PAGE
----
Between confidence and crisis

Home > Opinion > Columns

print dictionary print

Between confidence and crisis

Lee Hyun-sang

The author is a columnist at the JoongAng Ilbo.

As uncertainties sweep financial markets, a movie attracts our attention again. It is “The Big Short,” a story of wily hedge fund managers who make a fortune by betting all on credit default swaps (CDSs) after sniffing out real estate bubbles shortly before the 2007-08 global financial crisis. The film starts with a quote by Mark Twain: “It ain’t what you don’t know that gets you into trouble. It’s what you know for sure that just ain’t so.” Wall Street insiders never questioned the stability of housing market and the safety of a financial derivative based on that market. But main characters of the movie successfully deceive them all to make huge profits.

President Yoon Suk-yeol faces a crisis after his approval rating fell to the 30 percent range last week, just two months after taking office on May 10. Political pundits attribute it to his appointment fiascos, risks from his wife, his repeated slips of the tongue, and a heated power struggle in the People Power Party (PPP). But the real problem is a dearth of humility and prudence of the president. Overconfidence from Yoon and his aides, coupled with their amateurish passion for governance, helped his approval rating plummet to the 30 percent range from over 50 percent just two months ago.

One of the characteristics of the president is vigor. He became a head of state just eight months after declaring his presidential bid on June 29, 2021. After he climbed to the peak of powers swiftly, his inauguration speech was filled with rhetoric — such as “my heart filled with an overflowing emotion” and “limitless responsibility” — but lacked cautious and humble words such as “fear.” The casual interviews he started to have with reporters at the doorstep of his office also reflects such confidence, not to mention the earlier-than-expected debut of the first lady, who pledged to keep a low profile if her husband were elected president.

There was an experiment on student expectations for their test scores before the tests. It turned out that the lower their scores, the higher their expectations while the higher their scores, the lower their expectations. In other words, ability and confidence do not match often, according to the Dunning-Kruger effect.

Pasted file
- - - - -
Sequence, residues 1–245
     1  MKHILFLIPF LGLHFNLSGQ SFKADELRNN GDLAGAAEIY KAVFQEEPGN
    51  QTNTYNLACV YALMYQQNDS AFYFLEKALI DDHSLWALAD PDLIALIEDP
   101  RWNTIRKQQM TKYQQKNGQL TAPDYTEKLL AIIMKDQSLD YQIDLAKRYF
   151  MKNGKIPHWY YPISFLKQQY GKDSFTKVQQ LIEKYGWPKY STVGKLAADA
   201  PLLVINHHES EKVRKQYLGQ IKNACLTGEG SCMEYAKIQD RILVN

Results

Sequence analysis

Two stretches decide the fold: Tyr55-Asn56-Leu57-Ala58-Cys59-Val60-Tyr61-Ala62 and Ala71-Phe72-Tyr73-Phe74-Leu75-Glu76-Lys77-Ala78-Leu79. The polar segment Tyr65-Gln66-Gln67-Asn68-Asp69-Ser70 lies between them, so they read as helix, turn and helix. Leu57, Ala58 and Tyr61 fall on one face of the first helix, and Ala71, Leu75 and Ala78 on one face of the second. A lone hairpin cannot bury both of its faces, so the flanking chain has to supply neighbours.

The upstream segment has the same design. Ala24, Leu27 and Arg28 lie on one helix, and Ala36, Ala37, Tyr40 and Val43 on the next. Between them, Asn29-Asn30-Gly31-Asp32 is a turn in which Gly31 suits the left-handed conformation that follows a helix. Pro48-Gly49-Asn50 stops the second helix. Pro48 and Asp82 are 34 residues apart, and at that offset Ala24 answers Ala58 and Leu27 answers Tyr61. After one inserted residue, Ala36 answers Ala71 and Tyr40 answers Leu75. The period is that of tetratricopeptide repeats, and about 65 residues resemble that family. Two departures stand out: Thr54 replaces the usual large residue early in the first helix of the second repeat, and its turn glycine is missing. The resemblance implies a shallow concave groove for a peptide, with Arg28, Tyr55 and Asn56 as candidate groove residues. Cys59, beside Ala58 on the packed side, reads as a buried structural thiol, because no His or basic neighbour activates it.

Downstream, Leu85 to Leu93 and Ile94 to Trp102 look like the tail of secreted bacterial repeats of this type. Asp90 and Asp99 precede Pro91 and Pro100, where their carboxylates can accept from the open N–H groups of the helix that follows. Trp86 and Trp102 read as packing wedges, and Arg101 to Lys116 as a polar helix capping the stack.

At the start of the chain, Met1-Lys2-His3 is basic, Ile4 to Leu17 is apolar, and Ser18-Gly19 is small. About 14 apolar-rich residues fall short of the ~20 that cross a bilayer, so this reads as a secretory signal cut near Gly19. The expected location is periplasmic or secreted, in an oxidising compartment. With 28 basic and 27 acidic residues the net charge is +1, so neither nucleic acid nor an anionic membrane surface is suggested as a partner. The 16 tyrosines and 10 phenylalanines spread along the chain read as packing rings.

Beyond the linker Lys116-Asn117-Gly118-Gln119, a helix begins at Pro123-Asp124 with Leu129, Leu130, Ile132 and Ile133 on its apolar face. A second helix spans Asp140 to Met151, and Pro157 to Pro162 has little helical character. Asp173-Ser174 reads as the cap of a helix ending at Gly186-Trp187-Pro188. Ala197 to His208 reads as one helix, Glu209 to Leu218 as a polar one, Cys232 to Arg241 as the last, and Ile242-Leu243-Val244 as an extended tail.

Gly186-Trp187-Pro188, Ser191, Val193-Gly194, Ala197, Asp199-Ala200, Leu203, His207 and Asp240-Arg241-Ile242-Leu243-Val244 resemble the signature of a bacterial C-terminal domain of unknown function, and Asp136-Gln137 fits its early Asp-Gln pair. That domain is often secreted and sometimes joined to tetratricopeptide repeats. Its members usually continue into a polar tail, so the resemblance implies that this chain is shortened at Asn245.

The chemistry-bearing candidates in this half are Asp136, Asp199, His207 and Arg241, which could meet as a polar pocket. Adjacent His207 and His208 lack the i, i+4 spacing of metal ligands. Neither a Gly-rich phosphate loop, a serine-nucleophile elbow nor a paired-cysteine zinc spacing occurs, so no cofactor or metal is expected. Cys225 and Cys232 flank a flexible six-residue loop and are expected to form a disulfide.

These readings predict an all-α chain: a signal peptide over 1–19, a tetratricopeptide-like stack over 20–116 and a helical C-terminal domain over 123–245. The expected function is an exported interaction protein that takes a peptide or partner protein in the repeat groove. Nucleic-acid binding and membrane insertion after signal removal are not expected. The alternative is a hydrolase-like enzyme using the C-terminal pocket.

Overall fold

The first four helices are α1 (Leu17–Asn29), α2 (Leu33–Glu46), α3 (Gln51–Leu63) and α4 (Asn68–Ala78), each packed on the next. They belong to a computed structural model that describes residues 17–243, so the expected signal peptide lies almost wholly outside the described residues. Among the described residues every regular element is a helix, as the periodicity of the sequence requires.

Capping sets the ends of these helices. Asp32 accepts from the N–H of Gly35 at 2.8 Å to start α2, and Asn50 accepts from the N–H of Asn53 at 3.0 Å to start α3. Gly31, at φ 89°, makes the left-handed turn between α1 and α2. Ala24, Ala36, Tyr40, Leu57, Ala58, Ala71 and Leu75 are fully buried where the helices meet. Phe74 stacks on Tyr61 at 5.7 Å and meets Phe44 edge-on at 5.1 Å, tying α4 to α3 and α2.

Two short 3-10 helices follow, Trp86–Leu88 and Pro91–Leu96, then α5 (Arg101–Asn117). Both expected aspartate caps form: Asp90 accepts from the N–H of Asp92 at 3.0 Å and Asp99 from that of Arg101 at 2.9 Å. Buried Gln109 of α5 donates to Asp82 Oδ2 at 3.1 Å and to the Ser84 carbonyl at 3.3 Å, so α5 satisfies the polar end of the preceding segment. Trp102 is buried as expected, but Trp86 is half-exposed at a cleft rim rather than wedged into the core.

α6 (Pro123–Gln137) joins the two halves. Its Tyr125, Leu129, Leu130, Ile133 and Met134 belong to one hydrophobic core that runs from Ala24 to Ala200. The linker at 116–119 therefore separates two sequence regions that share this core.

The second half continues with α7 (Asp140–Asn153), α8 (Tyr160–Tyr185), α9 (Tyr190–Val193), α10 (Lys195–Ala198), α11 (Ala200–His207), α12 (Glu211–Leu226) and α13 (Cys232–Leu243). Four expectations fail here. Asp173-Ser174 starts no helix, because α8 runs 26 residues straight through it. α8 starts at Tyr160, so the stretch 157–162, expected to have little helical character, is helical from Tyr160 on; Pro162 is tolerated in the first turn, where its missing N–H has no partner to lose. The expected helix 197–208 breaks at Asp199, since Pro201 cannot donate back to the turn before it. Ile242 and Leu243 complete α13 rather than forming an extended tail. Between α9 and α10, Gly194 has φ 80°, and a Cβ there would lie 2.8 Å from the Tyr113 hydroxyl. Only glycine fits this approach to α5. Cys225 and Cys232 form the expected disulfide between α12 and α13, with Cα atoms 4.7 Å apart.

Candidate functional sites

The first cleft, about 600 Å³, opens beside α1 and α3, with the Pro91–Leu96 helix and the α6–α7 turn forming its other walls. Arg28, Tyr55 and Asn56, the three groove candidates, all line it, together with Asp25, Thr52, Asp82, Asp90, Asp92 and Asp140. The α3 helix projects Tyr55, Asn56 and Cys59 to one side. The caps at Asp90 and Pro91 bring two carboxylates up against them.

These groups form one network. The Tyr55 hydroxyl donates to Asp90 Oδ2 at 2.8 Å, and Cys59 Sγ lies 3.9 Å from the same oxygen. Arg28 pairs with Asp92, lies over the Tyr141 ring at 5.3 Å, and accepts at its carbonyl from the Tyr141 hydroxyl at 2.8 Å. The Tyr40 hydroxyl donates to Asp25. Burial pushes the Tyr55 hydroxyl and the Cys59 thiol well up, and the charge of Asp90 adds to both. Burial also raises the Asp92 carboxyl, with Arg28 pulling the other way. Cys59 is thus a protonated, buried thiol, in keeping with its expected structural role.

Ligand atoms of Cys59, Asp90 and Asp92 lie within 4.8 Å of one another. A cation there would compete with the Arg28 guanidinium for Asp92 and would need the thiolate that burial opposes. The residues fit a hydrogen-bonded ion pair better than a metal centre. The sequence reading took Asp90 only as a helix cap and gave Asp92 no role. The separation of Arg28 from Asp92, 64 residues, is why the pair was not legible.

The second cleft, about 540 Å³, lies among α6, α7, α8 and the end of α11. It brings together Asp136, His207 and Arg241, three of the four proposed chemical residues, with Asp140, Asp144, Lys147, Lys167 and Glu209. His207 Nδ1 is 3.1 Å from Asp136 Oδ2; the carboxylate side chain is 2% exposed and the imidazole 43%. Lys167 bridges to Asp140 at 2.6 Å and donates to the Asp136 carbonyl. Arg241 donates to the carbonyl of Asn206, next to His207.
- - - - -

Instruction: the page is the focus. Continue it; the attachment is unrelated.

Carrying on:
I am not raising issue with the ability of President Yoon as an individual. If he had had problems in his capability as a prosecutor — and a prosecutor general later — he couldn’t have come this far. And yet, his capacity as president is still being tested. Requirements for a head of state and the chief of an organization are totally different. For a new president, humility could be more useful a virtue than self-confidence.

The last presidential election dominated by the unprecedented standards — “Who of the two candidates is less disliked by the voters? — is not over yet. Aversion to the president is running deep in the psychology of his opponents. That mentality reflects their reluctance to accept his razor-thin victory by 0.73 percentage points in the last presidential election. A senior lawmaker of the Democratic Party (DP) even attacked Yoon for “being engrossed in serving his role as husband of first lady Kim Keon-hee” on Facebook. The legislator’s remarks came after the rumor spread that the first lady dropped at a luxury shop in Gangnam last week. The rumor proved untrue, but such malicious fake news will continue to go viral on social media.

President Yoon must tackle a plethora of challenges, including thorny questions from reporters waiting for him at the doorstep of his office. But Yoon — a political rookie — answers them with unrefined language often starting with “Let me see …” In an impromptu Q&A, even U.S. President Joe Biden, a veteran politician, makes a slip of the tongue. For Yoon, it now seems strange if he does not make a mistake in the doorstep interview.

It remains to be seen if the president enjoys a lonely battle of such a kind by instinct or if the fumbles constitute a dereliction of duty by his aides. But it clearly represents a breakdown of the system to the extent that the strategy for presidential identity (PI) does not even match a private company’s. When corporate leaders appear on social media, it looks spontaneous at first glance. But it is the results of meticulous calculations on the image and goals of a company. The president’s aides must brood over why media exposures of Yoon and his wife always backfire instead of helping win favor with the public. If such outcomes are repeated over and over, a chief marketing officer (CMO) at a private company will be fired immediately.

President Yoon lamented the prevalence of anti-intellectualism in our society. Intellect is about stopping to think before taking action. I hope the president stops for a minute, looks back on the tumultuous path over the past two months, and clears all the confusion about the future direction of his conservative administration. Confidence could be a good start for anyone. But it should be backed by competence first. Luckily, Yoon still has much time left.
Log in to Twitter or Facebook account to connect
with the Korea JoongAng Daily
help-image Social comment?
lock icon

To write comments, please log in to one of the accounts.

Standards Board Policy (0/250자)